If they don’t understand what marketing is all about, it’s a bit like a deaf piano tuner. The results are likely to be unfortunate.

The purpose of marketing is to create want and sell something. If you can’t think about that, how are you going to write an effective ad? Google ads are ADS. They are advertising. Even if there are no pictures, the words have to make someone care enough to click.

Without that, people are often reduced to trying to offer lower prices than anyone else. Or trying to fool the prospective customer. Or they just flat out fail.


The first and best way to waste money with Google Ads is not to understand how they work. Here are a few gross examples from experience. I didn’t make these mistakes. I caught them looking at campaigns someone had been running this way, sometimes for years.

  1. Set a high daily budget you can’t really afford.
  2. Don’t start out with a small daily budget until you have the campaign fine-tuned.
  3. Use overly broad search terms, like “vacations” for someone renting beachfront vacation homes.
  4. Run your ads in places you don’t sell or deliver to. Happens all the time. I’ve seen ads running worldwide for a local contractor.
  5. Don’t know about “quality score” or don’t work hard to maximize your quality score (a high score makes your ads cheaper).
  6. Bid for #1 positions always. Rarely a good idea, even with an unlimited budget. With a limited budget, you want to buy the maximum number of valuable clicks for the amount your spending. Usually, your campaign will be doing best when it rarely shows at the top.
  7. Neglect the many tools to improve the efficiency of your campaigns, such as “negative keywords”, and “ad extensions.”


If you follow my blog, you’ve seen my frequent articles about testing. Testing is a vital part of a top-notch Google Ads campaign. Through regular testing, we’ve taken a campaign from 1% to over 10% click-through rate, decreasing their cost per click by 40% (while click costs industry-wide were rising) and got them tons more business.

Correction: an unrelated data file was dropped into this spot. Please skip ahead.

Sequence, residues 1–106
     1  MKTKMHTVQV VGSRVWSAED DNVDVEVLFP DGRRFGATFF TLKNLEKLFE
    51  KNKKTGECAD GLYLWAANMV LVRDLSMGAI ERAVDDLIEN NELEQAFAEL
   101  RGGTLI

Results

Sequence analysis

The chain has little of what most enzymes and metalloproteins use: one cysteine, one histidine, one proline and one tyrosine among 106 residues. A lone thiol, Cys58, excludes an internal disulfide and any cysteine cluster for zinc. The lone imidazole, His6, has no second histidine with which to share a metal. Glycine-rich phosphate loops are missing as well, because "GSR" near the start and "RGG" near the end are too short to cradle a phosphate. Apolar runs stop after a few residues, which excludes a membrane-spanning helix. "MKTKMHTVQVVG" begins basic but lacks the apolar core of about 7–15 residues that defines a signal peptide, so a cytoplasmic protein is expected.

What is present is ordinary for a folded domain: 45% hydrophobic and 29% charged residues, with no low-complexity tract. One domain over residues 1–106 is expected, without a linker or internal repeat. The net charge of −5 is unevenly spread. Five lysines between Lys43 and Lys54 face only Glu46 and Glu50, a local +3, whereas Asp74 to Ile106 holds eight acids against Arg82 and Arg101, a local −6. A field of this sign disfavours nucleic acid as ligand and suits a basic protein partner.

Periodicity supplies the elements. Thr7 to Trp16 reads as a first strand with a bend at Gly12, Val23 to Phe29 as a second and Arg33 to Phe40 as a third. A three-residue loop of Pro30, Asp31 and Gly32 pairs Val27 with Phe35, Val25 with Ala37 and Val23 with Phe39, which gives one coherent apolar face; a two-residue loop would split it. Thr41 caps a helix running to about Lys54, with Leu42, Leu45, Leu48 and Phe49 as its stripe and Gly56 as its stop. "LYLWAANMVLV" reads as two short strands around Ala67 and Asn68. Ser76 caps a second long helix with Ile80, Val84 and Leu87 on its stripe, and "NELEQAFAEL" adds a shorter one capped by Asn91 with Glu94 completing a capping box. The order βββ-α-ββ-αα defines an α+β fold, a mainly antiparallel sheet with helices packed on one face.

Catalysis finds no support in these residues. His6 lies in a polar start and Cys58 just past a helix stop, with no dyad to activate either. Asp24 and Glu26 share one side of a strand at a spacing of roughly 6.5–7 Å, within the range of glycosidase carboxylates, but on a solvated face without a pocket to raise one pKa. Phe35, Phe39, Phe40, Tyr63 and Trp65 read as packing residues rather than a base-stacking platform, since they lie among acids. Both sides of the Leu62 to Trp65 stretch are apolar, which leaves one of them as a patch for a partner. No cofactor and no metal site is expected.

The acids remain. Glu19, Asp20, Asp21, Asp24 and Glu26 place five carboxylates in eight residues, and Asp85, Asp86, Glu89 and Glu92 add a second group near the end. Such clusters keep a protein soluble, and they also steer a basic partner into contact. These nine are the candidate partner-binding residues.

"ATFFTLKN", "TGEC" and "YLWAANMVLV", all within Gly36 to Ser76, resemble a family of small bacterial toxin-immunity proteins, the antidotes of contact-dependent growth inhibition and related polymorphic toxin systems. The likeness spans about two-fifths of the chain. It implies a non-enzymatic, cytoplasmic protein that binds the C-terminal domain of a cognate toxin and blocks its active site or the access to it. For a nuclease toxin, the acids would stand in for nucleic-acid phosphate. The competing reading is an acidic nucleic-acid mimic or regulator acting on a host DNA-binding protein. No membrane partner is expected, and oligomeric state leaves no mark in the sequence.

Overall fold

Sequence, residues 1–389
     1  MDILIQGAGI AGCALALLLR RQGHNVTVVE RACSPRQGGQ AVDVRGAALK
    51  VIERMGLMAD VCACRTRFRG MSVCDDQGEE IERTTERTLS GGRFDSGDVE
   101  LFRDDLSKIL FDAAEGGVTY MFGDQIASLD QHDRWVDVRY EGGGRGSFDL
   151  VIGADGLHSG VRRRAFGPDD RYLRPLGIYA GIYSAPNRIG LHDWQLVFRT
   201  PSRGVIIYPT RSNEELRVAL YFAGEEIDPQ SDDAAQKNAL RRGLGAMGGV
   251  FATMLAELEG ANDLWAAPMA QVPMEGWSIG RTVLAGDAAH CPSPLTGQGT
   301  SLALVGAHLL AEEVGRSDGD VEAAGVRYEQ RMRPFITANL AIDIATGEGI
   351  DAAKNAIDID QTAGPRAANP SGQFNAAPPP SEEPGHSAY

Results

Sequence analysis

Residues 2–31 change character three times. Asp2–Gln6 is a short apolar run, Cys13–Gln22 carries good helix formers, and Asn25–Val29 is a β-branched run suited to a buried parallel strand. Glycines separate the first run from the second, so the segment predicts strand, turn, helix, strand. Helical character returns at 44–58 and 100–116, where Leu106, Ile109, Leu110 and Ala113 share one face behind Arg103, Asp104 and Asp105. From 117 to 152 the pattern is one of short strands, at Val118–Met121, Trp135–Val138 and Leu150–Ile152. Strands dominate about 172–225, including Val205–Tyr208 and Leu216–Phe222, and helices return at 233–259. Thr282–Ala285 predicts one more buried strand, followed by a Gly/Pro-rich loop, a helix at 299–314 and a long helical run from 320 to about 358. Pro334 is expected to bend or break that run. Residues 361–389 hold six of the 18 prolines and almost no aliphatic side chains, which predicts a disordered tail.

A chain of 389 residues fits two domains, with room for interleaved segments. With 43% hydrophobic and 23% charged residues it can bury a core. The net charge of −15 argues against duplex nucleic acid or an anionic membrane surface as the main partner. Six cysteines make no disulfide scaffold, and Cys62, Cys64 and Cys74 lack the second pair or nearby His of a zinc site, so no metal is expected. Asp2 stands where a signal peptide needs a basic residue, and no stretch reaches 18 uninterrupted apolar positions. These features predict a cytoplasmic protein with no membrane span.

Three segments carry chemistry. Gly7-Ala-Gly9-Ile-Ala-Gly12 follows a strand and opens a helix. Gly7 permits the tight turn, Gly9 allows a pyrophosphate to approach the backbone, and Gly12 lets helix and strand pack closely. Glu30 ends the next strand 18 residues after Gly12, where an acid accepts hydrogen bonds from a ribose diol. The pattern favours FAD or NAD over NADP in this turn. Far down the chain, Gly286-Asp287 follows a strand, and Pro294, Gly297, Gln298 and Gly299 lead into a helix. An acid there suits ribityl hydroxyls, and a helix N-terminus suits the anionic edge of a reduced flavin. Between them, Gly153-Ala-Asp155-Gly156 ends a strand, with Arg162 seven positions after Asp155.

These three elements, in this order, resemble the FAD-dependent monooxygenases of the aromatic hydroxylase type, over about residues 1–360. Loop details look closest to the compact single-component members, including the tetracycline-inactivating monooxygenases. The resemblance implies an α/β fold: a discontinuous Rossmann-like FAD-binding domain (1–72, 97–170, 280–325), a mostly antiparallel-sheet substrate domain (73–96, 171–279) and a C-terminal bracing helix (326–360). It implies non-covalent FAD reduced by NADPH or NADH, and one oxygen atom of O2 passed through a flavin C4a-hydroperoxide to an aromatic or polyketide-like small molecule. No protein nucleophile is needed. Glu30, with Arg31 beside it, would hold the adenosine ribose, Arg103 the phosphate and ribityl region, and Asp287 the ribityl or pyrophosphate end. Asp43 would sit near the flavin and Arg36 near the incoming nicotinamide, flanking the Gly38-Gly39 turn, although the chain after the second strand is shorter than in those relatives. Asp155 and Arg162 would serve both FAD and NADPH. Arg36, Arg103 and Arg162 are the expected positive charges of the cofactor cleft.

How did we do it? It didn’t happen overnight. We always had two ads running at the same time, to see which worked better. When one was proven superior, we dropped the other and added a new “B” test ad.

We are always testing new keywords, landing pages, and more.

This alone often makes the difference between an unsuccessful campaign and one that is wildly successful.


You go to all the trouble to get someone to your website.

Don’t waste them.

Sometimes, if a website is awful, we tell clients not to spend their money on ads until the site is redone or improved.

The good news is Google Analytics and other tools provide feedback that points you straight at what is right and what is wrong with your site.

A vital part of any Ads Campaign is using these metrics to guide improvements to the website.

It is an incredible force multiplier to improve the conversion rate of your website, making your ads effectively cheaper and more profitable.


This article barely scratches the surface. I am NOT appealing to you to run your own ads. Google Ads is complex. Usually, your best move is to find someone with a good track record to manage ads for you.

What you have to do is look at the big topline numbers, so you know if they are doing a good job or not. Know enough to be able to look at the numbers, and see whether you are being served well or not.

There are good people out there. There are also many who are incompetent or just plain crooks.

Don’t listen to the smooth talk. Let the numbers guide you.

Good luck.

services landmass left
services landmass right